This does not mean that you have to go without the things you want. For example, if you like beer, you will find that you can brew a more potent drink for incomparably less than you buy it for. “But,” you say, “I have no bottles.” Baloney. If you will but walk the roadsides some Sunday afternoon, you will soon have enough to keep you in beer bottles forever, or go to the dump–the ‘treasure house’ of the innovative. You will find that you can have more and better for less with ingenuity and indirect means. Price a winter coat at the local clothing store in the Fall of the year and then price an excellent used winter coat at a rummage sale in July. That’s innovation! That’s how to make it in farming and in life.

So then after about two, perhaps three, four years at the most, of renting and consequently growing, you search for the best farm to buy that you can, wherever you can, however you can and you don’t deal with a realtor! Sounds like I’m cutting my own throat — but with this article, I’m hopefully remaining true to its intent and not serving myself. The reason you don’t deal with a realtor is because you must secure a bargain here more than anywhere else in all of your dealings and a bargain does not exist through a realtor (obviously there are exceptions but they only occur in fairytales and not in your real life). You search and search and pass many by until you find the best you can at the best price witth the best terms, and this becomes the time when you can violate the pay-as-you-go cash basis principle which you have adhered to. You will have been saving some cash as you have been renting and/or you most certainly will have acquired a great deal of other materials. You must buy the land on land contract under the best possible terms that you can and you will use an attorney to carefully check the title to the property and the instrument of conveyance. These are the “papers” you enter into. Then you can either use the cash you have saved, or more likely, you will have more goods than cash, so the next best thing is to have an auction. This may be a little difficult for you, but somehow you will need to raise the down payment. If you have been able to salt it way, fine, but you may need more and it is far better to have an auction and sell your excess baggage than to go to the mortgage company and borrow on what you have. Please notice, that at no time, have I recommended borrowing and at no time have I suggested a bank. Trust it — the reasons are many.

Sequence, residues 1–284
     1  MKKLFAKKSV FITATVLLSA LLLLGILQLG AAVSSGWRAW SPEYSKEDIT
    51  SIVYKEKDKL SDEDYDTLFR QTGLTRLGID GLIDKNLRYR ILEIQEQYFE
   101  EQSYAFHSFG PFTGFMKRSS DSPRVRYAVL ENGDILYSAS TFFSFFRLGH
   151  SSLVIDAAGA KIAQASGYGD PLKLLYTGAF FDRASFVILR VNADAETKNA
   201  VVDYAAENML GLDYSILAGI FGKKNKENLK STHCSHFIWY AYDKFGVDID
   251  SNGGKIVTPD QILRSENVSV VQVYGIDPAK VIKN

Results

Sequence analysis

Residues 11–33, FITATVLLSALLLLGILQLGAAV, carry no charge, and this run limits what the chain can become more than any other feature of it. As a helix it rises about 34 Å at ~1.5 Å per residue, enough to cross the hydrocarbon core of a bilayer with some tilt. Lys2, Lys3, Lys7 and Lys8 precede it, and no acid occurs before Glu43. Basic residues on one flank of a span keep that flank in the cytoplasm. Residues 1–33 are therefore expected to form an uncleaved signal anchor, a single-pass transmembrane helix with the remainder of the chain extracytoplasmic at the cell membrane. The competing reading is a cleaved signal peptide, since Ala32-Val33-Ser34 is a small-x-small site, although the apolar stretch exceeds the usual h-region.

So then you will keep the best of what you have — the nucleus of what you will need when you go to the farm you are buying, and then you fix up, clean the farm you are buying, and then you fix up, clean up, paint up everything else, have a sale, and use that cash, plus some you have been hoarding, to make the down payment on the farm.